Why wasn't her father answering his phone at 3 o'clock in the morning in Shanghai? And what about her 82-year-old maternal grandmother, who lives with him? Wouldn't she answer, even if her father, a doctor, was at the hospital? And how was her grandmother coping in a city where markets are closed and the buses are not running?
A world away from China, on a hillside in Laurel Canyon, actress Joan Chen, suddenly looking very pale, was frightened.
"I'm very worried about my family there," she said.
Chen, best known for her role as Wan Jung, Emperor Pu Yi's disturbed wife in "The Last Emperor," had just spent the better part of an hour late Tuesday afternoon talking emotionally about the student uprisings, about her pride in their "growing, beautiful garden of faith" that the government has "trampled all over" and how a government that "hates" its own people is "not going to last."
"Their heroism touches me very much," she said, "and the blood scared me. And I'm very indignant about the army. We were taught to love our army because they protect us. . . . Now they fire on our own people. It's unforgivable."
Then as the interview was ending, the phone rang as it has so often these past few weeks, and distance became an enemy too. Her mother, a doctor and a research chemist, was calling from Wilmington, Del., where she is on a People's Republic-sponsored assignment with Du Pont Co., to say she couldn't reach anyone at home.
Chen said that she had tried to reassure her mother (the phone conversation was in Chinese). After all, there had been no reports--at least up to that point--of bloodshed in Shanghai. But the worry was now transferred. (Chen gives no family names--"just in case.")
"I feel like a spider in a large cobweb" with everyone somewhere else, she said.
Pounding her fists in her lap, a contrast in mood to the serene minimalist decor of her beige and white home, Chen said she keeps asking herself questions. Should she try to get a visa and go back to see if everything is all right? Or should she stay here, as her mother who's afraid for her safety urges her to do? "But I really want to go."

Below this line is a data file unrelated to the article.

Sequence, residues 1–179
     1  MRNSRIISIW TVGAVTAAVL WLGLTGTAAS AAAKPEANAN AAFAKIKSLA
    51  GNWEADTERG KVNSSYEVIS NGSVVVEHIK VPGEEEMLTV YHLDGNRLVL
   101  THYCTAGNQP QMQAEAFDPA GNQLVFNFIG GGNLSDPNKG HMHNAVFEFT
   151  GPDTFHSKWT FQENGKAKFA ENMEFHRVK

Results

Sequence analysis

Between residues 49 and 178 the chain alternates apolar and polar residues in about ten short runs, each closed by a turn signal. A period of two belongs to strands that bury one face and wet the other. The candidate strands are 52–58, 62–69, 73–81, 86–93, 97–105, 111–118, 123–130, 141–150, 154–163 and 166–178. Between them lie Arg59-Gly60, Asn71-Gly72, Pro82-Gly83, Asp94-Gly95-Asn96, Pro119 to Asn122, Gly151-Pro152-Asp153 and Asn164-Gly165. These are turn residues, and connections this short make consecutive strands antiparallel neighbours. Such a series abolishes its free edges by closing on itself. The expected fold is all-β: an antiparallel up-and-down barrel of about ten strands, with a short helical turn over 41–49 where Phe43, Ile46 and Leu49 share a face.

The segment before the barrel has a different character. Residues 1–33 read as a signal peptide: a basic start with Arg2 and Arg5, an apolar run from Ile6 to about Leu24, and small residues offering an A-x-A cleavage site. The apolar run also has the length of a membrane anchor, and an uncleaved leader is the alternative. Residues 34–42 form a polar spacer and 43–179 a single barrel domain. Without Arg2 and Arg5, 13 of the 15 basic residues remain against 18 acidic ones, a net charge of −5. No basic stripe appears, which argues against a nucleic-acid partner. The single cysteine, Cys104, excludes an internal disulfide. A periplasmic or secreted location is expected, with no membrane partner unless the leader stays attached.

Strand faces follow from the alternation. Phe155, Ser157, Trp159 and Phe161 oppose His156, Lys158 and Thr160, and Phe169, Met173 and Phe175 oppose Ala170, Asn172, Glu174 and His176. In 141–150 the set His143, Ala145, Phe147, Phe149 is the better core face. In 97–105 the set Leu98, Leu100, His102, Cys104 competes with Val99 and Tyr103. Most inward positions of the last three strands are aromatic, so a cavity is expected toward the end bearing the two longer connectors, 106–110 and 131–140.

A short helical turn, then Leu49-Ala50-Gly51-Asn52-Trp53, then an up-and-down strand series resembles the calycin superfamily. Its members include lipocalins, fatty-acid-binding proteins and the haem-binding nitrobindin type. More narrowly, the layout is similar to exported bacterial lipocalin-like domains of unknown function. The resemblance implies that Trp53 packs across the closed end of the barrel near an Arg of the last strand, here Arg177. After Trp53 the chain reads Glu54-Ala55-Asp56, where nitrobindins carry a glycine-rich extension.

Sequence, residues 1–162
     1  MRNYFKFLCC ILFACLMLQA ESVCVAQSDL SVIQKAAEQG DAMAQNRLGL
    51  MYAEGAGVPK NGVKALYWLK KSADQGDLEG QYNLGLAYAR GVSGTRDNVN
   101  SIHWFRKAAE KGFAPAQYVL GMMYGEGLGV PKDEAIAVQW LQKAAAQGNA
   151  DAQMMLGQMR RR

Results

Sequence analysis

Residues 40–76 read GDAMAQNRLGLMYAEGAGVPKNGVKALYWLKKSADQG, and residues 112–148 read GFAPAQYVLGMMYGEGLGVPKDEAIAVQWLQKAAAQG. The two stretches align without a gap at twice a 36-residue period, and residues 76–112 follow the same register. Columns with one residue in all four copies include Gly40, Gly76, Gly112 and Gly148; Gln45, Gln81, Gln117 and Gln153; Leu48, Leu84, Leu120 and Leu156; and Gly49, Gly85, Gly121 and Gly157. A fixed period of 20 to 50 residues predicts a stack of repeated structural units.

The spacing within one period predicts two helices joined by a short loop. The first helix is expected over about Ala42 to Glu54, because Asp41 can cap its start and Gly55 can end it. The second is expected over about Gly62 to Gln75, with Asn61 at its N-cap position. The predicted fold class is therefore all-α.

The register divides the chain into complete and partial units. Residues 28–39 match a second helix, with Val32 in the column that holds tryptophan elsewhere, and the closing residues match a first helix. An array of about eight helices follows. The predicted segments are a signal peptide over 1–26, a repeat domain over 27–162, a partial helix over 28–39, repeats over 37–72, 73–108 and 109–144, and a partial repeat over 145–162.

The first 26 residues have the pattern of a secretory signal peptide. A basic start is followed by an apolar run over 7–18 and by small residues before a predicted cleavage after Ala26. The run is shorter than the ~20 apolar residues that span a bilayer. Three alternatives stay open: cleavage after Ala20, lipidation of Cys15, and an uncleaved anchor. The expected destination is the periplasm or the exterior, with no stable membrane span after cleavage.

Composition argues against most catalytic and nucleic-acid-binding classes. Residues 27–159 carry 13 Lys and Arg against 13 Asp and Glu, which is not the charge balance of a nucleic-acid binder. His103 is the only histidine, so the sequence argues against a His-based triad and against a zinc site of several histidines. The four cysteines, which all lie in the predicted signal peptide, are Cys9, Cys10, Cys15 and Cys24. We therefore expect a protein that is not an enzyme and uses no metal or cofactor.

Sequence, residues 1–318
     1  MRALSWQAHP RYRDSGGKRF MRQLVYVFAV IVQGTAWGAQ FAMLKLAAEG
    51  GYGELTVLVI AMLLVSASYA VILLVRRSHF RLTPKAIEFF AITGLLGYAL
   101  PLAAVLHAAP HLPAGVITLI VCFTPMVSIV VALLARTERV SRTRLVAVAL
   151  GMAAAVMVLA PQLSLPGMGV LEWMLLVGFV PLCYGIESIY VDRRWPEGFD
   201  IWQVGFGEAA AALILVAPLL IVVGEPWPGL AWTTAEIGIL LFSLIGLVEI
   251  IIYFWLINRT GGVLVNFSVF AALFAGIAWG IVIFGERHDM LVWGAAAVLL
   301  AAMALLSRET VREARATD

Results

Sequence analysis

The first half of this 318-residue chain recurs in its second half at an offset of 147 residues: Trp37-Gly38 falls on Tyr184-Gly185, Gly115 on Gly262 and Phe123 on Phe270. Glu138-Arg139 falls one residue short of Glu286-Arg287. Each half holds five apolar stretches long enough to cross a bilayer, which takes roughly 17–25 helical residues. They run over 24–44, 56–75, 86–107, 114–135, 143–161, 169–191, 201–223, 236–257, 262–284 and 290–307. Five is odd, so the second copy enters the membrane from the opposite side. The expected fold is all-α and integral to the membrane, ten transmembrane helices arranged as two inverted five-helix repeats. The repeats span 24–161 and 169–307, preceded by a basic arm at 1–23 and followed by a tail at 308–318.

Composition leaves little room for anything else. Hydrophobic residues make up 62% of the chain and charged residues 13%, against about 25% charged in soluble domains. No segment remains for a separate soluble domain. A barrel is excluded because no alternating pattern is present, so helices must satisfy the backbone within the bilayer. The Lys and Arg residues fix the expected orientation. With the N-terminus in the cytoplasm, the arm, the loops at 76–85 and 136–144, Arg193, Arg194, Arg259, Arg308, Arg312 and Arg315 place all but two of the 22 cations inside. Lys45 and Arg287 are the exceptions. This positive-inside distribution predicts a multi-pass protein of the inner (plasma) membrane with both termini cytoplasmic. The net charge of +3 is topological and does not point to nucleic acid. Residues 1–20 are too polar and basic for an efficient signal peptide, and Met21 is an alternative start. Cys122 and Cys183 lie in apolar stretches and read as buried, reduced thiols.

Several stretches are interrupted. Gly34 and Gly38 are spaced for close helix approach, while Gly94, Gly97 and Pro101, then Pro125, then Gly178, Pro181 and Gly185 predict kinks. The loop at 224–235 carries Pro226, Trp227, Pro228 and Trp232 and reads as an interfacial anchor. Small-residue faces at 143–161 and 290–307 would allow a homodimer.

Nevertheless Chen, who at 28 became an American citizen last month, said she will continue to use any leverage she might have as a citizen to extend her brother's U.S. visa beyond a June 15 deadline. (Meanwhile in Washington, the Senate was passing a rare 100-0 resolution on China that included urging extension of the visas of Chinese students.)
Her brother, 30, a painter known professionally as Chase Chenoff, lives with her. He has just finished three years of study at Cal State Northridge, a school she had attended as well. Chen has been in the United States, interspersed with visits back home, since 1982.
Chen also has a 19-year-old cousin in China, a just-graduated high schooler who participated in the massive demonstrations in Beijing. She said she heard about him in letters from home.
Now, she said, she doesn't know where he is. His mother, her mother's sister, is also a doctor at Beijing Hospital, "right next to (Tien An Men) Square" and no one here has heard from her either.
A child of the repressive Cultural Revolution, Chen admits to a confusing childhood. While she noted that she was taught its importance in school, both her parents were sent away to re-education camps when she was 5 or 6. Although her mother returned after less than a year, her father stayed away "off and on" for several years until her early teens, and her maternal grandfather, also a doctor and scientist, committed suicide.
"I remember he was teaching me writing, and I didn't finish my writing that day, and I always felt guilty about that," Chen said.
She also remembers the Red Guards who came to the home of her paternal grandparents when she was 6 or 7 looking for "bourgeois traces" and asking herwhether they had burned certain photographs. They told her they would go away if she told the truth.
"I told them we burned a pile at the back of the house and at the front of the house," she said angrily, "and then they went inside and turned everything upside down."
At 13, she remembers the army came to her high school to recruit and she wanted to be a parachutist, and even wrote a letter asking why girls couldn't do that.
At 18 or 19, an actress as well as a student at Shanghai's Institute for Foreign Languages studying English, German and Japanese, Chen was sent to Japan. The Japanese were "nice, polite, and everything was in good order."
The Cultural Revolution was over, and it was her first taste of the outside world. She also began hearing about the United States from her parents. They had worked at Memorial Sloan-Kettering Cancer Center in New York.
Now, she says, her people have tasted democracy "and won't let it go. They want more. China was opening up a great deal, movies and books, people were more open-minded," and that cannot change.
Of all the images from China, Chen said she was most moved by the one man who stood in front of the row of tanks.
"That man, I saw him," she said with obvious pride. "It was very heroic. In classes we learned about heroes. It's built in the blood, this heroism. I remember we didn't study much of classic Chinese novels, the ancient culture that everyone here talks about. We studied about the heroes who were in Korea, the heroes who fought the Nationalists in the war, the heroes who fought the Japanese, the heroes of the armies of today, how they rescue girls, boys who dropped into a river.
"It's like giving of yourself, sacrificing yourself is the highest honor. We were taught that way," Chen said softly. "And now the people are using it against them."